The Crucial Thing Your Customers Can’t Tell You

Posted by:

So I was reading an online article yesterday about the iPad (because, as we all know, there haven’t been enough articles about the iPad). The article itself wasn’t earth-shattering—something about how the iPad is outselling Mac computers—but I thought one of the comments was hugely insightful. The thread was about why Apple products, particularly the iPod, the iPhone, and the iPad, are so immensely popular. The comment that caught my eye (or, in AppleSpeak, my “i”) was this:

Everybody else is creating things that people want. Apple creates things that people will want.

And isn’t that a great philosophy for your business?

I’m not saying that you should base your entire business on a roll of the dice, i.e., guessing what people might want in the future. That can have a deleterious effect on one’s blood pressure. But what if you were to spend one hour a week—just an hour—thinking about what your customers and clients might want that they don’t even know they want yet. Think back to those heady days of 2006, before the iPhone existed. Chances are, you weren’t sitting around thinking, “You know what I’d like? A cell phone that doesn’t have buttons, but rather has a full-color visual display. Oh, and it can also receive and send e-mails, organize my contacts and calendar, and play all my music.” You didn’t want an iPhone because you had no conception of an iPhone. And yet, when you saw your first iPhone, what did you immediately think?


If, on May 31, 1967, you had asked rock music fans what kind of music they wanted to listen to, there’s not a chance in hell they would have described the album that was going to be released the following day. Yet within a week, everybody—everybody—was listening to Sgt. Pepper’s Lonely Hearts Club Band. See, the Beatles didn’t rely on focus groups or customer surveys. Those can be great tools, but they’re not going to tell you what the customer doesn’t know he or she wants yet. How could it?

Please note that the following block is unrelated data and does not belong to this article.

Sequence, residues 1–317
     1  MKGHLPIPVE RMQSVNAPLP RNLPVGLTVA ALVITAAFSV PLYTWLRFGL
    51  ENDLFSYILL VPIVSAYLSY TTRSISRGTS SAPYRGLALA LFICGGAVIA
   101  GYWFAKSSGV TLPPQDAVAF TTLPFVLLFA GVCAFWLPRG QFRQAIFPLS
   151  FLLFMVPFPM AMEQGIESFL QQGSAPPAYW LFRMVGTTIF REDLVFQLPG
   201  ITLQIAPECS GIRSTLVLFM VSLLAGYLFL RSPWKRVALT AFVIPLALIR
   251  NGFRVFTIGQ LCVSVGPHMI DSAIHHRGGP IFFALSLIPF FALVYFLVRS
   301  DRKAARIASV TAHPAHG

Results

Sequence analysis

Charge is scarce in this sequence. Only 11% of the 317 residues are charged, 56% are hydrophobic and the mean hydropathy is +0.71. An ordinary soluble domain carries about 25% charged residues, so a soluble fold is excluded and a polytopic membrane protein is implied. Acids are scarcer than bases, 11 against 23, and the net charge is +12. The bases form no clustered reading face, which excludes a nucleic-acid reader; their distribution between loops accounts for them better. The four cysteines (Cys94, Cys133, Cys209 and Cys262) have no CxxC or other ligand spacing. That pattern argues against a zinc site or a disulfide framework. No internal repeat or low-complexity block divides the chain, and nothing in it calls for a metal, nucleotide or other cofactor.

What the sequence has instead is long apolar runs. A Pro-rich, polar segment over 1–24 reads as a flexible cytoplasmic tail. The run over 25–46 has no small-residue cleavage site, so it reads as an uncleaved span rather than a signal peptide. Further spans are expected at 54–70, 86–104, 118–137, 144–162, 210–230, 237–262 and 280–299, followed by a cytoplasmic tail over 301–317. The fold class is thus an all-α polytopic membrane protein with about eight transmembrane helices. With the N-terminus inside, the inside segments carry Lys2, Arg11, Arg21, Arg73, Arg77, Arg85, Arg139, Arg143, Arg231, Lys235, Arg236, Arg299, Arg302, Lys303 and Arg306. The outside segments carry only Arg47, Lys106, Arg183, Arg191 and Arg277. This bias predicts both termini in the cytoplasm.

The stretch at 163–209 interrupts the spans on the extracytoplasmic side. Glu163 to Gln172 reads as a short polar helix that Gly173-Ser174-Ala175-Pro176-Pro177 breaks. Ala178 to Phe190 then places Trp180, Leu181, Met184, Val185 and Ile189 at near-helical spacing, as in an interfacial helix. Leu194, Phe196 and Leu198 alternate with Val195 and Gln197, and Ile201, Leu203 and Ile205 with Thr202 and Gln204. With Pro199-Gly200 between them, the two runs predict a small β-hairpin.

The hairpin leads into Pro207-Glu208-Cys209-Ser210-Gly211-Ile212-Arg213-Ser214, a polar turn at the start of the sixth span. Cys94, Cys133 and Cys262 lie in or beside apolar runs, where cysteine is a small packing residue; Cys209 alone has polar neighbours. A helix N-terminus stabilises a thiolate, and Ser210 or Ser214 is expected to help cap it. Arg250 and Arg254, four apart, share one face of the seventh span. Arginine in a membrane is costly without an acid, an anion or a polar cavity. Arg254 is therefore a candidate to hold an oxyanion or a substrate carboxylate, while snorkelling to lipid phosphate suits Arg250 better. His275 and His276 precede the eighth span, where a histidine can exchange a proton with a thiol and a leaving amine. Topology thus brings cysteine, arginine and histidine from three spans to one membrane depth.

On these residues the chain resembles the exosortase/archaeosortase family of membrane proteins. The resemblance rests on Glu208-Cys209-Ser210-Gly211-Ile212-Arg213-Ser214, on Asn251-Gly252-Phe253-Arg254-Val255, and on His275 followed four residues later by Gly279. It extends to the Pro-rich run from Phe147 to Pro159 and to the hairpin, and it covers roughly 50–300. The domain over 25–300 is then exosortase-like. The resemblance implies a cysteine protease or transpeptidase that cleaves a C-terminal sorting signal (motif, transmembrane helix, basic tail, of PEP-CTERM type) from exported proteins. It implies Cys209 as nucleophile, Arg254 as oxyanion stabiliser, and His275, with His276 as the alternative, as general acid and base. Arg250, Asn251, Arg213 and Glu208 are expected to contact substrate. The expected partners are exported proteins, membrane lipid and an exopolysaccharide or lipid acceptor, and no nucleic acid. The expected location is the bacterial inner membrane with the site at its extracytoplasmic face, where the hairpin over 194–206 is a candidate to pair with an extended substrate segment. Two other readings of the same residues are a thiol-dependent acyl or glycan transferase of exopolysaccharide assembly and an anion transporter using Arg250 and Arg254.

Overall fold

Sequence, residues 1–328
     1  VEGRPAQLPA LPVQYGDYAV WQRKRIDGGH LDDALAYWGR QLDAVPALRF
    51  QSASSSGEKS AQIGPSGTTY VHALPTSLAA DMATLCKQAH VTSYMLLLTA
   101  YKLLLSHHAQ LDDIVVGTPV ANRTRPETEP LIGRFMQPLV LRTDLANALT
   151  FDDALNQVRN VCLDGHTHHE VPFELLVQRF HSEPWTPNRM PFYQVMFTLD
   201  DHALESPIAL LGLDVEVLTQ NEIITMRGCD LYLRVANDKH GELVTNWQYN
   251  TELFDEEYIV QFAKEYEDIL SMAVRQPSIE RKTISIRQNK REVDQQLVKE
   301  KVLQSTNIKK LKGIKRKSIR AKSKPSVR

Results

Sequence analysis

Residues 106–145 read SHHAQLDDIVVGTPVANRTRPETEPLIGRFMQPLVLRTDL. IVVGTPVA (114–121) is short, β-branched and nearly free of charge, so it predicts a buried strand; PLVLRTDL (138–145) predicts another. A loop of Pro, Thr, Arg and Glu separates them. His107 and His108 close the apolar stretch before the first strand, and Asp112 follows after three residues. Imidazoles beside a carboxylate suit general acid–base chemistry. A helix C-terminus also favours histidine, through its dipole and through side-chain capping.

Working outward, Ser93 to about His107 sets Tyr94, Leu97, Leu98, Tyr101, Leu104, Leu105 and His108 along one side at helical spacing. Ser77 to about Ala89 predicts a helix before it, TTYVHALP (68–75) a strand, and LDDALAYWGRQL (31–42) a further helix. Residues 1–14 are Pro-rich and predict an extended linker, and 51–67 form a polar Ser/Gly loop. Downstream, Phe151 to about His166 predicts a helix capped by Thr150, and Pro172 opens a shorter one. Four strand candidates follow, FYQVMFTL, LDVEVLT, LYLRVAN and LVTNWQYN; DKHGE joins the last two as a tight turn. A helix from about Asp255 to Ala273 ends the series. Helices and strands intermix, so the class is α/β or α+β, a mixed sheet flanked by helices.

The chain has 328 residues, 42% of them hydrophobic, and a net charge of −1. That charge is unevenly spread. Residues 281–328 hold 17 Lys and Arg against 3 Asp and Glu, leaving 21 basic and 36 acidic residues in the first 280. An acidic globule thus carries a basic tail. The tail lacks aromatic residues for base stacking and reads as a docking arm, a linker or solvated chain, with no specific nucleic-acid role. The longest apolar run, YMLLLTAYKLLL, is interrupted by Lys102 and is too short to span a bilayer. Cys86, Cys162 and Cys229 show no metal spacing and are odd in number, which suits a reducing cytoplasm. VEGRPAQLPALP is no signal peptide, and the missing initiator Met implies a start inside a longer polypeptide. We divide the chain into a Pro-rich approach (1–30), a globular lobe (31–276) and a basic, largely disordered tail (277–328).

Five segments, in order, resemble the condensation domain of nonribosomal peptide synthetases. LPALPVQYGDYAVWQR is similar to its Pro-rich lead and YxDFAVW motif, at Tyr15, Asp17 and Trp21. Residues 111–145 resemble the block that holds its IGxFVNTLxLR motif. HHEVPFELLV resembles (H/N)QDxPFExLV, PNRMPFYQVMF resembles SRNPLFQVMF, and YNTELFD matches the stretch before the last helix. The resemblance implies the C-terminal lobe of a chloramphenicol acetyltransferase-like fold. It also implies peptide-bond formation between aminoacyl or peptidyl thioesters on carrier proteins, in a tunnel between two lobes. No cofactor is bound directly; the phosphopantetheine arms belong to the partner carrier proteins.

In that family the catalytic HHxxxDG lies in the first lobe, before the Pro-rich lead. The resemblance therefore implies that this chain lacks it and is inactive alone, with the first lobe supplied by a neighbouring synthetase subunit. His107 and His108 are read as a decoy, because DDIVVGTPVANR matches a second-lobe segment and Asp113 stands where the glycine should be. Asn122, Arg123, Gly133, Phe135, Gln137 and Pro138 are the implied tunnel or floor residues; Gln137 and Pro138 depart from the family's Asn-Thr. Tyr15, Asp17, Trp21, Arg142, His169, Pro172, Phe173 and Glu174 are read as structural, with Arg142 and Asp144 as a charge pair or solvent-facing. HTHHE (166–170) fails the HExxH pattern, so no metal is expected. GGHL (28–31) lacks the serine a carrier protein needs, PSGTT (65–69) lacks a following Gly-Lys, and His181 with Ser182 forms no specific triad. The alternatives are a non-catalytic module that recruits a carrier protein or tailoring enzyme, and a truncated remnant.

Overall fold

The Beatles didn’t record the album their customers wanted. They recorded the album their customers would want—but didn’t yet know it.

It comes down to two traits: vision and innovation.

Vision is the fun part. It’s the looking into the future, it’s the playing “what if.” What if we took the iPhone and made it a lot bigger? What would that look like? (Answer: the iPad.) What if a brass band were to make a rock album? What would that sound like? (Answer: Sgt. Pepper.)

Innovation focuses on the actual implementation of the vision (think of innovation as “creativity plus implementation”). Sgt. Pepper turned out to be a great idea, but until the Beatles actually recorded the thing and slapped it onto vinyl, that’s all it was—a great idea.

So take that hour a week and focus on what your customers may want that they don’t yet know they want. That’s how the Beatles made Sgt. Pepper—and as we all know, Sgt. Pepper ended up selling like…well, like iPads.


About the Author:

29-time Emmy Award winner and Hall of Fame keynote speaker Bill Stainton, CSP is an expert on Innovation, Creativity, and Breakthrough Thinking. He helps leaders and their teams come up with innovative solutions — on demand — to their most challenging problems.
  Related Posts